The Poetry of Editing in “The Parallel Street”

Vincent Warne

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Five men are stuck in a room, forced to watch hundreds of video documents and work together to determine the shared meaning between all of them. If they do not succeed at this task before the time is up, they will die. This is the premise of Ferdinand Khittl’s 1962 masterpiece “The Parallel Street,” an enigmatic, uncategorizable oddity of early New German Cinema.

The five men which appear in the film are told that they are one in a long line of groups to participate in this experiment. Many have tried before them, but none have succeeded. The futile struggle of these five subjects to uncover the meaning of the video documents provides the thrust of the film, but the real meat of it lies in the content of the video documents themselves.

Lyrical, beautiful, mysterious, these video documents are bite-sized pieces of pure cinema. Shot in beautiful foreign countries in a travelogue style, the twenty or so video documents are diverse in terms of geography, style, and subject matter. Unlike the black-and-white sequences of the experiment with the five men, the video documents are almost all in full color, and capture some beautiful images of exotic scenery from distant places. Nearly all of them are devoid of sound, other than the narration provided by the proctor of the experiment. The narration is poetic and mysterious, and covers big themes, like courage, beauty, subjectivity, life, work, imprisonment, ritual, religion, art, time, and most of all, death. The combination of the visuals and narration is mesmerizing, and brought to mind “Sans Soleil,” another fascinating travelogue/essay film which I’m absolutely sure was influenced by “The Parallel Street “.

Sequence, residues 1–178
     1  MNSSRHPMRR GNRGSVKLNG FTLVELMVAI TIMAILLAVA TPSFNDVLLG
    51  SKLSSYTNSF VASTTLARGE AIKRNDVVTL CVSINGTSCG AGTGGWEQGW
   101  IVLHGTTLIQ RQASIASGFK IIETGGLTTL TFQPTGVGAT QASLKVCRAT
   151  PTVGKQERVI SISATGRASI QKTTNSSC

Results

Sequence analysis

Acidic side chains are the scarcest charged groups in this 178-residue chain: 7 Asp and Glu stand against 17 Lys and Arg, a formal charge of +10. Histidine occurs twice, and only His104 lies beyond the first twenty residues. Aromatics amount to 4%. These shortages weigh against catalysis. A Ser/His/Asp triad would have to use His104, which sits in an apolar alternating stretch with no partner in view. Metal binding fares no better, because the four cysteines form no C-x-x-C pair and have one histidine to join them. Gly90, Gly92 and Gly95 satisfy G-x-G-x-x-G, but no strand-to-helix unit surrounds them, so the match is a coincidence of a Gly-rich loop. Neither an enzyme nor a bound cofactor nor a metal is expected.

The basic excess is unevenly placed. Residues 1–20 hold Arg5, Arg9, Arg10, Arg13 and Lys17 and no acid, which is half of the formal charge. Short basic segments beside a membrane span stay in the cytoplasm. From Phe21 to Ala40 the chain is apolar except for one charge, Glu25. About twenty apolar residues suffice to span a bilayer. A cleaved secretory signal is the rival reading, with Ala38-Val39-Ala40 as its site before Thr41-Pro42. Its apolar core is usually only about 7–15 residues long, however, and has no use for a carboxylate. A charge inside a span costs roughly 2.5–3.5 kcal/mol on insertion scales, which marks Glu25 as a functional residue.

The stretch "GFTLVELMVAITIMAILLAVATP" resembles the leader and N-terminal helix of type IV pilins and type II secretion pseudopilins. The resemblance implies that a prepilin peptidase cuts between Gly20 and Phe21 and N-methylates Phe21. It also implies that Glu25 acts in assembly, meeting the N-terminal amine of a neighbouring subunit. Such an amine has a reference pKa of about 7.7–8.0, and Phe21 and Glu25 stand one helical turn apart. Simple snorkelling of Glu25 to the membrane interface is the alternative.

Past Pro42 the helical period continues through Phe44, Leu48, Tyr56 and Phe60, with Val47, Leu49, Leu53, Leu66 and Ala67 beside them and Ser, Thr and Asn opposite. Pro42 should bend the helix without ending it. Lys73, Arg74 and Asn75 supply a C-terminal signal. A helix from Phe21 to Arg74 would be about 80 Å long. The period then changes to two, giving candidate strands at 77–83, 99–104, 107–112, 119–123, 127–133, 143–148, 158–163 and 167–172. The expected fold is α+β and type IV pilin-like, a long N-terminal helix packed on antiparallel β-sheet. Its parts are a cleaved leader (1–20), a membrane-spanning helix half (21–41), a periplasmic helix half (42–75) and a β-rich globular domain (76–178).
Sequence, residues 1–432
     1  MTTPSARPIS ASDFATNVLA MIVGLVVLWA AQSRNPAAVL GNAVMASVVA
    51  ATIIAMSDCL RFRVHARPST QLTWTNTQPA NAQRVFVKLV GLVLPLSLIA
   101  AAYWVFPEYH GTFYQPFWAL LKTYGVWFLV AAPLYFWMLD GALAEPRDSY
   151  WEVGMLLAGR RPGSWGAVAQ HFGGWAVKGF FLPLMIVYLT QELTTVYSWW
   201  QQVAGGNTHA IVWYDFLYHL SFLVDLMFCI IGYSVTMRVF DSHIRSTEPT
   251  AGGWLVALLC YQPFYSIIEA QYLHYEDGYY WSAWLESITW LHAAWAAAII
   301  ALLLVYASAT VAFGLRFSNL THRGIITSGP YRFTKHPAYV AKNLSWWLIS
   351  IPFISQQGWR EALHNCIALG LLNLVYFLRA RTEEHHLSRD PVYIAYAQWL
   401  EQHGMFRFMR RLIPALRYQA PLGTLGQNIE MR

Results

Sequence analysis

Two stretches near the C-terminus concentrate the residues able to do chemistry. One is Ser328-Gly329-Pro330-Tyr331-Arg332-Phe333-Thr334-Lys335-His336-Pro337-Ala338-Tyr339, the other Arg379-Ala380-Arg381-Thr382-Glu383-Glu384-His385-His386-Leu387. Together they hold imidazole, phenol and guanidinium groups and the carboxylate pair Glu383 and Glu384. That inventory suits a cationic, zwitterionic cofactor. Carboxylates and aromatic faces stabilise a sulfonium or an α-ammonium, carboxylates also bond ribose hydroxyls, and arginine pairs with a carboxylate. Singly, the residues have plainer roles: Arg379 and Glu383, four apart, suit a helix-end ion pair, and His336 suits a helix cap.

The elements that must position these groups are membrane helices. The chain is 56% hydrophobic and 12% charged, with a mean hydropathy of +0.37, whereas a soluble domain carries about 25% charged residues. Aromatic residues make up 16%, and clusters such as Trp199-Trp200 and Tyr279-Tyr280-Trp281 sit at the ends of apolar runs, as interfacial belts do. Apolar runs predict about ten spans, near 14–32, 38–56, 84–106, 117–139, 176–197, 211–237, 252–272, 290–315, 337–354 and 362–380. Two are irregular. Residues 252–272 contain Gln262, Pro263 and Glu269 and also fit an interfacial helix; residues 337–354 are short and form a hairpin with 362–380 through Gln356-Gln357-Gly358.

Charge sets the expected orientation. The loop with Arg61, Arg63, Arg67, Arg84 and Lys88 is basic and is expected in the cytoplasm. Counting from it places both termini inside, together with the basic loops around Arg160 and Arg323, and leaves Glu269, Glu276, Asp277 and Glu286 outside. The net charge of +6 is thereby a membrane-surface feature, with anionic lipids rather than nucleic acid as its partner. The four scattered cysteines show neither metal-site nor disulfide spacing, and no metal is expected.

“The Parallel Street” is a testament to the power of editing, on both a technical and conceptual level. The video documents are all edited with a very nice rhythm, and their ordered presentation is a sort of meta-editing by the proctor of the experiment. Documents are sometimes shuffled around and replayed at the behest of the five subjects, calling into question the purposefulness of the order. The self-consciousness of the editing raises questions about truth and subjectivity in art. In one sense, the video documents are all miniature documentaries. They are all shot on location, with real people engaged in their day to day lives. And yet, the way that they are edited creates associations and symbols which elevate the images beyond non-fiction, and into some sort of transcendent narrative realm.

The very first image of the film is the number 188 in big white letters in the center of the screen. We soon see that this format is the numbering of the video documents, so this first image implies that the entire film, “The Parallel Street,” is itself a video document. Whoa. This bit of self-reflexivity puts the viewer in the same position as the subjects, prepared to extract meaning from a series of documents which may or may not have any. The men are well into the process by the time we join them, and the first actual video document we see is number 189, which is a perfect demonstration of the film’s unconventional editing. The document shows the process of animals getting killed in meat factories, from live farm animals to bones in a desert. The catch is that it shows this all in reverse, the footage played backwards to give the illusion that the animals are being created by the workers at the factory. The meat factory becomes a “birth house”, and the proctor nonchalantly narrates how the animals are being assembled, while images of the workers doing their job backwards gives the segment a chilling Frankenstein-like vibe.